Pathways to Success: The Role of Postsecondary Career Education

By Jenny Faubert, Vice President of Communications, Career Education Colleges and Universities (CECU)

Over the past few years, confidence in traditional education has decreased, while there has been a surge in interest in career and trade institutions. Nontraditional and younger generations are interested in accelerating their career paths, preferring a more direct educational route. This trend is evident in the choice of over 1 million part-time and full-time students opting to attend for-profit career schools in the academic year 2022-23. The choice to enroll in career schools is driven by flexibility, accessibility, accelerated pathways, and robust student support services.

Diverse Student Body
Career schools offer a welcoming environment to underserved students including women, students of color, adult learners, veterans, those from low-income backgrounds, and first-generation students. Boasting a student population where 67% are students of color, 74% are adult learners, 66% are women, and 62% are first-generation students, for-profit career schools exhibit a remarkably diverse student body.

In most cases, career schools cater to a larger proportion of students of color than other sectors of higher education. At the four-year level 41% of students at a career school are Black or Hispanic, compared to 31% at public and 24% at nonprofit institutions. Similarly, at the two-year level, career schools enroll 53% of students who are Black or Hispanic, compared to 38% at public institutions and 50% at nonprofit institutions.

Percent of Black Students at Higher Education InstitutionsPercent of Hispanic Students at Higher Education Institutions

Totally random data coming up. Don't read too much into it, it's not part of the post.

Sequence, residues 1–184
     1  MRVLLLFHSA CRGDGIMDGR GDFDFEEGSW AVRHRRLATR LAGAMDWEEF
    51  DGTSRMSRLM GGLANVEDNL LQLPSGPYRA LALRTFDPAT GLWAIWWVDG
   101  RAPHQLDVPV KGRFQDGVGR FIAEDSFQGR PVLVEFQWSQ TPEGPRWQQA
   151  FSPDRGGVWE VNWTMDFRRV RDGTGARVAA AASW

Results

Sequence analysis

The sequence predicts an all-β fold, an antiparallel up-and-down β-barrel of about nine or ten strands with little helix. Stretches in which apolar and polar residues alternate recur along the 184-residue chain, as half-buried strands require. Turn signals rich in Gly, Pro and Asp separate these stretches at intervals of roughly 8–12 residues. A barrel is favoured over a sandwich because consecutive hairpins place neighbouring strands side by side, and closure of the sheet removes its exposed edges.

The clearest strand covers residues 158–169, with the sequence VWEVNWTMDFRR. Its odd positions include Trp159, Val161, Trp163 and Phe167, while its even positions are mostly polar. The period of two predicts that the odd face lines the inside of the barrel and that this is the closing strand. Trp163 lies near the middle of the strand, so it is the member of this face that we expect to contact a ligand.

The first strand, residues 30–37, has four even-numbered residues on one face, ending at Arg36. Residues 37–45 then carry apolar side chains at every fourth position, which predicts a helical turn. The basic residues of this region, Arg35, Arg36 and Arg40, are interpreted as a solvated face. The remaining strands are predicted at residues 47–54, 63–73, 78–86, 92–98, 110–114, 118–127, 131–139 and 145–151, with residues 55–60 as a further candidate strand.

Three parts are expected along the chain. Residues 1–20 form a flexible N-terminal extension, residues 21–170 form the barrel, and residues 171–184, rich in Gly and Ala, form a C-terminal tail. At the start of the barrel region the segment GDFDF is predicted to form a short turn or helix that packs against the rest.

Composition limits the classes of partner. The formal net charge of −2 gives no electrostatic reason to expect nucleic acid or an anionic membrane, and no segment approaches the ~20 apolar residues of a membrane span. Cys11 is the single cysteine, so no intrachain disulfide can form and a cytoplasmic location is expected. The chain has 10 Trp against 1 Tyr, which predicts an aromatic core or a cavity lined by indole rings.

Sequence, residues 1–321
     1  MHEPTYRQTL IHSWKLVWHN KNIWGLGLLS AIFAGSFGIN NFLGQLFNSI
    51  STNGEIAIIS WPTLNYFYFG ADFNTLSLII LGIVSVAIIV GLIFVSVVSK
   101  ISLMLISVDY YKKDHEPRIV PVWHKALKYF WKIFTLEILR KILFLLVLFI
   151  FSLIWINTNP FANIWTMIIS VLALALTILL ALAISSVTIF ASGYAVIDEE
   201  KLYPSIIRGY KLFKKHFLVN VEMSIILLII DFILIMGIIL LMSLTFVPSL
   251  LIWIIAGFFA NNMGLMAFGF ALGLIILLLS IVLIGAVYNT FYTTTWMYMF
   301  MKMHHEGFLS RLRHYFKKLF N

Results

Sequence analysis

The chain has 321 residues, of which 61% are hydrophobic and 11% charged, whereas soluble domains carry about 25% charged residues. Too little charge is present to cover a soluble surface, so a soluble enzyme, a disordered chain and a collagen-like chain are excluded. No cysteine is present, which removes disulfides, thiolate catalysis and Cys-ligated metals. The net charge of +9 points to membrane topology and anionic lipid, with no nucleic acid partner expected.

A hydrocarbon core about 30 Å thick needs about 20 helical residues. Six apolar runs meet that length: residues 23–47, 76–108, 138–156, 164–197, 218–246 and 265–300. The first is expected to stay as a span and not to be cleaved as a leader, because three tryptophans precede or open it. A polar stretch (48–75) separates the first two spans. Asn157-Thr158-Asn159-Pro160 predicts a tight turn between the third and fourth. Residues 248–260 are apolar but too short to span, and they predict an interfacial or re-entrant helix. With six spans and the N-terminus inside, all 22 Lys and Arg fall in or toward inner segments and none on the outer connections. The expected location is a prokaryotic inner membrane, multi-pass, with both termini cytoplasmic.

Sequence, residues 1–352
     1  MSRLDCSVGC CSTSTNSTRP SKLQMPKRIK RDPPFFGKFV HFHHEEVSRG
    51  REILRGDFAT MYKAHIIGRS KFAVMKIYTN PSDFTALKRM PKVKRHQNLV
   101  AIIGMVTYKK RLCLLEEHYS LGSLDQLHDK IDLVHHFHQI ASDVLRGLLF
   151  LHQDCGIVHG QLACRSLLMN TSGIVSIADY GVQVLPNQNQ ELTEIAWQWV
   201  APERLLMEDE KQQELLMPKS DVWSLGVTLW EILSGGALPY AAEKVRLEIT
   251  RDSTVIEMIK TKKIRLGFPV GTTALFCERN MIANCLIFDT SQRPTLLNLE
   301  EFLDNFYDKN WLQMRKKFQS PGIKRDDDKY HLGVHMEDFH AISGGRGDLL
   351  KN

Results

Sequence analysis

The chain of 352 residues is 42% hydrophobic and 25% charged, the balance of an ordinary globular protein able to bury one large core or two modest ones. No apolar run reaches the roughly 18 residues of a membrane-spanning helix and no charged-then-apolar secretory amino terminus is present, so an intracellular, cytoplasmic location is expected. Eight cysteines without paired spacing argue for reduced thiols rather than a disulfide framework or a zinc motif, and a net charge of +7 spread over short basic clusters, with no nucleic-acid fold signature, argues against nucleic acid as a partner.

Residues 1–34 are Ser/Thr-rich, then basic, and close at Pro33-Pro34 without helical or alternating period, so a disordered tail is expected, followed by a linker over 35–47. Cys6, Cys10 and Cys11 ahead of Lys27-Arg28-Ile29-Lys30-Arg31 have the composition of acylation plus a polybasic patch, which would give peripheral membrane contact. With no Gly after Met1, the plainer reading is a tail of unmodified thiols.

It is a common trend to find adult learners, typically aged 25 and above, among students attending career schools. In fact, 80% of students at four-year for-profit career schools fall into this category, whereas only 26% and 38% of adult learners are enrolled at public and nonprofit institutions. At the two-year level, nonprofit institutions cater to 61% of adult students, closely followed by for-profit career schools at 55%, while public institutions serve 29% of this demographic.

Career schools stand out for their higher enrollment of female students compared to other sectors of higher education. At the less-than-two-year level, 73% of students at career schools are female, surpassing 48% at public and 52% at nonprofit institutions. Similarly, at the four-year level, career schools lead with 67% female students, in contrast to 57% at public and 59% at nonprofit four-year institutions.

The experiences of individuals such as Marlo and Shana Williford-Johnson, along with Shana’s two brothers, who all completed their education at Lincoln Tech in Melrose Park, IL, exemplify the types of students that career schools serve. Marlo successfully transitioned from a tumultuous sales career to a stable managerial role at Johnson Controls, crediting his achievement to the technical skills he acquired at Lincoln Tech. Likewise, Shana's progression from a medical assistant to a critical care registered nurse highlights her career advancement. Devin, who graduated in Collision Repair & Refinishing, discovered his entrepreneurial drive and now thrives as a self-employed professional. Marcus, a graduate in Electronic Systems Technology, utilizes his expertise as a supervisor at Comcast.

For-profit career schools enroll the largest proportion of low-income students across all educational levels. At the four-year level, career schools serve 56%, exceeding 34% at public and 31% at nonprofit institutions. Moreover, 75% of students at career schools pursuing less-than-two-year programs come from low-income backgrounds, with a similar trend observed at two-year career schools, where 63% of students are classified as low-income.

Percent of Low-income Students at Higher Education Institutions

Career schools play a vital role in providing access to education for underserved populations, including women, students of color, adult learners, veterans, those from low-income backgrounds, and first-generation students. With their diverse student bodies, career schools foster an inclusive environment where individuals from various backgrounds can thrive.